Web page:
Wednesday, June 06, 2012

Defendant Wins Remand Because of Failure to Give Miranda Warnings

US v. Benard, 2012 WL 1890059 (10th Cir. 2012) (published). A rare defense win. Defendant convicted of drug offenses appealed the denial of his suppression motion and gets a remand on one issue.
Initial stop: Police had probable cause to stop defendant's vehicle based on a reasonable belief the car contained contraband. The police had been investigating a suspected drug dealer who operated out of a tire store and had wiretapped his phone. "Tommy" frequently called to buy drugs. Defendant was the individual observed visiting the store after several such calls. Following one call and visit, the officers requested that someone stop the defendant's vehicle. The trooper who stopped him was not told of the surveillance but ran a check on the vehicle and received a message it was not insured. The officer stopped him based on the apparent insurance violation. The Court affirmed the validity of the initial stop based on the fact that the officers had probable cause to believe the car contained contraband because "Tommy" had arranged to buy cocaine from the dealer and then showed up at the right time. Thus, the Court did not reach the alternative holding that the stop was justified based on the no-insurance violation. It also did not reach the scope of the detention issue.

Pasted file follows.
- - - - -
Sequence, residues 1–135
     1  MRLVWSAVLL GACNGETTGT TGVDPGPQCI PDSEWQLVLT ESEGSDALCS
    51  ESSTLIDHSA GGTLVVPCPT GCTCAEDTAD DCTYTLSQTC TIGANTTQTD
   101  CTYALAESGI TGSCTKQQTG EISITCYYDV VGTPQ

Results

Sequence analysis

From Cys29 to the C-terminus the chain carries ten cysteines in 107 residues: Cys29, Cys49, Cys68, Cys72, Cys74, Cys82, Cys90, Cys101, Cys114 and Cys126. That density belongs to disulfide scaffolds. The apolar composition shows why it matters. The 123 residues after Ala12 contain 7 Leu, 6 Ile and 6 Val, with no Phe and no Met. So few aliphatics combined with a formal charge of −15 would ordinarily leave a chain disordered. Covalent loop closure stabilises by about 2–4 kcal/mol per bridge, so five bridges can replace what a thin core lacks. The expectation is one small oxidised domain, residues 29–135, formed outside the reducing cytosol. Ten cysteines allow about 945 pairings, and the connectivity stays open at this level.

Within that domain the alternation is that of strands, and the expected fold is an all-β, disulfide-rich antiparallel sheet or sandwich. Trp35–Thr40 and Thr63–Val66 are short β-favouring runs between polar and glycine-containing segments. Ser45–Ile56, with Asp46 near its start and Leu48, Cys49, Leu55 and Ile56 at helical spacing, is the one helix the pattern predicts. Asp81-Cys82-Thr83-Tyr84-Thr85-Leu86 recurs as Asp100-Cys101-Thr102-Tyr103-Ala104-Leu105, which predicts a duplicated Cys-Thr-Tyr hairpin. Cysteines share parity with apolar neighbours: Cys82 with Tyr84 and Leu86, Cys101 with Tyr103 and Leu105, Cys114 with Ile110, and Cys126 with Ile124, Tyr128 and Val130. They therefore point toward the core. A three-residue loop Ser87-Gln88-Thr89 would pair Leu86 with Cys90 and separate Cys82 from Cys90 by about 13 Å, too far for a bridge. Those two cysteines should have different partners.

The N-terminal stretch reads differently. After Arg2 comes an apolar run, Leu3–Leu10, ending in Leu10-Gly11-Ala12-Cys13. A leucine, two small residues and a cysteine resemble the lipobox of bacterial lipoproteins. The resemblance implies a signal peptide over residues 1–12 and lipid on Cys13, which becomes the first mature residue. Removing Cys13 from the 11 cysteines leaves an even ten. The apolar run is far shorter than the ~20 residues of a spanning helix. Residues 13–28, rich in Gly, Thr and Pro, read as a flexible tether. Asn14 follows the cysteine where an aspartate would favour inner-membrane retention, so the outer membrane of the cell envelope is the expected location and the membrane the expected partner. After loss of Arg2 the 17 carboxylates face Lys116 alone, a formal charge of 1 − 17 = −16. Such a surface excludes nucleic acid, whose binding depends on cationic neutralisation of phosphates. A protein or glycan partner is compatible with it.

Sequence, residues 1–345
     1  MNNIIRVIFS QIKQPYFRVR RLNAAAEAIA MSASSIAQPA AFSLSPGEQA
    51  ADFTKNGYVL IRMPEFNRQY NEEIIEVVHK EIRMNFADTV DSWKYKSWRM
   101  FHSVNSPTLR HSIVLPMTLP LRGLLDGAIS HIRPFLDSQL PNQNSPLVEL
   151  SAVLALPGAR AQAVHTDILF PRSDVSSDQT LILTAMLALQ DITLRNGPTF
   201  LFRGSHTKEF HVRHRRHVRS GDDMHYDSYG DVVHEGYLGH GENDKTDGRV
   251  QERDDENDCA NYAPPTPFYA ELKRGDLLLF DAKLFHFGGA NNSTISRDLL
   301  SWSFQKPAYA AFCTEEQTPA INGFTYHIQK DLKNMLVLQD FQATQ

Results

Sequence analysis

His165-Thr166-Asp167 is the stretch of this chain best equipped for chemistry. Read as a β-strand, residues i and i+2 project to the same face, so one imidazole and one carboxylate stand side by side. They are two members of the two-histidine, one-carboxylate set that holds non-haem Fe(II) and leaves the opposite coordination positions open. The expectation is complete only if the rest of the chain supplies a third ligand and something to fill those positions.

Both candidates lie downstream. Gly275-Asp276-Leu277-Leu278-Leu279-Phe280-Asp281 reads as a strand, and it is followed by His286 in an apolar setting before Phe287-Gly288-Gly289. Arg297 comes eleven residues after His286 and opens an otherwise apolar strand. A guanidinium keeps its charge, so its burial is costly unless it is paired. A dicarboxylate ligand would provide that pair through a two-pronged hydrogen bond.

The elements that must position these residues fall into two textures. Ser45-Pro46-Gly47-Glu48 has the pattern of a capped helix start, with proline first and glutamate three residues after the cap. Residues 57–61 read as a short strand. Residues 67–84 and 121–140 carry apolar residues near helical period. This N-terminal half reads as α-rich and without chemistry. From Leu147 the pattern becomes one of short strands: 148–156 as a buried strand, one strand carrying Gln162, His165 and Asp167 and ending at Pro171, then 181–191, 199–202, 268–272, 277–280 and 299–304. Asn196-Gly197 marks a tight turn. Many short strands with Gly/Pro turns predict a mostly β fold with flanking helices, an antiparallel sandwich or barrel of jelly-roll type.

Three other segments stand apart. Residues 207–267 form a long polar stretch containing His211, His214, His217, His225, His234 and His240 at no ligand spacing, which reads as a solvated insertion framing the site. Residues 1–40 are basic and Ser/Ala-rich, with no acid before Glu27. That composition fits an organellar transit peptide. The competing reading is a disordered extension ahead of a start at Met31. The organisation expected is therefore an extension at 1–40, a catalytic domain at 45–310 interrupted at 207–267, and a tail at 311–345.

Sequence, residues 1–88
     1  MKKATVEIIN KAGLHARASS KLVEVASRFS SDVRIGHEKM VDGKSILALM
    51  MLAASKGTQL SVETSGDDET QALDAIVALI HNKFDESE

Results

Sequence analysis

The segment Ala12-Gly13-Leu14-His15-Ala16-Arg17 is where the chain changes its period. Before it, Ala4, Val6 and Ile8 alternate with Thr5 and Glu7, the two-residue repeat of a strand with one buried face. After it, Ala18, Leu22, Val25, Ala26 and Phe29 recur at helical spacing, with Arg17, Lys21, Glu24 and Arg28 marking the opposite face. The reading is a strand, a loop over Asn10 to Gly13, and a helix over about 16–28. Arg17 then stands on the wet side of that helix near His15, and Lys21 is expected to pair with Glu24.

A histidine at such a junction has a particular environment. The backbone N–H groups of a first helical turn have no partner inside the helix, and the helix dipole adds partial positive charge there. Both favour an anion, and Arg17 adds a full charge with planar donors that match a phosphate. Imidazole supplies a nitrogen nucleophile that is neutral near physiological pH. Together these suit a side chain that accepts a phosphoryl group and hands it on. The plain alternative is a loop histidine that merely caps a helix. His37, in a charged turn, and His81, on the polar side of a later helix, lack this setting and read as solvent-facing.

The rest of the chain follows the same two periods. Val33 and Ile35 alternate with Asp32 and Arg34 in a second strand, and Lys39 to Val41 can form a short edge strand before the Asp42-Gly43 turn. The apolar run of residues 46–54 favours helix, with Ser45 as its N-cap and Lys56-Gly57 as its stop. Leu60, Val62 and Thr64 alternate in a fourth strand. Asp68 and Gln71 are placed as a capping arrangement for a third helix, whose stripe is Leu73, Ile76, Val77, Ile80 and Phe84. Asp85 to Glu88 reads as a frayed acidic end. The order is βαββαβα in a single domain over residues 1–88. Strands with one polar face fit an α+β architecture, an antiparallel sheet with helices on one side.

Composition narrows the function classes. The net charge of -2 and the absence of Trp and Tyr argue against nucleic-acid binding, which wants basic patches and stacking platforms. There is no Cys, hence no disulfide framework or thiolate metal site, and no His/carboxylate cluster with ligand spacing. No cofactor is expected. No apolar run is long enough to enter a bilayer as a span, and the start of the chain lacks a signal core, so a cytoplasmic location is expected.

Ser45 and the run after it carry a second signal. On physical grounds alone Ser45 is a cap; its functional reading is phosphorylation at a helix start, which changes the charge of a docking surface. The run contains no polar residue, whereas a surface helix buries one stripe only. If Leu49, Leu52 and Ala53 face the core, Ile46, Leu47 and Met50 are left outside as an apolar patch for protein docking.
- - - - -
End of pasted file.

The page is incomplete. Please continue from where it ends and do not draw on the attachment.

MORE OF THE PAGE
Pat-Down Search: The defendant consented to a pat-down search. The district court's finding that consent was not coerced was not clearly erroneous because only two officers were present and only one officer approached the defendant. The officers did not draw their weapons. The officer's voice was "authoritative" but "not aggressive or threatening." The encounter was on a public street.
Miranda issues: The defendant was never Mirandized. The denial of the motion to suppress defendant's statements made during the pat-down search was not error because he was not in custody until he was handcuffed and formally placed in custody following the discovery of marijuana in his pocket. However, the statements he made following his formal arrest should have been suppressed. The trooper's question about what else might be in the car (to which Defendant responded there might be a gun left by his girlfriend -- why do these guys always think it's ok for their girlfriends and wives to leave guns in the car?) was not justified by the public safety exception because defendant was already in custody and police already had control of the car.
Withdrawal of conditional plea: The court rejects the government's argument that defendant should not be allowed to withdraw his conditional plea on remand because the most damaging evidence against him was not suppressed. However, it is for the defendant to choose whether or not to withdraw his plea upon remand.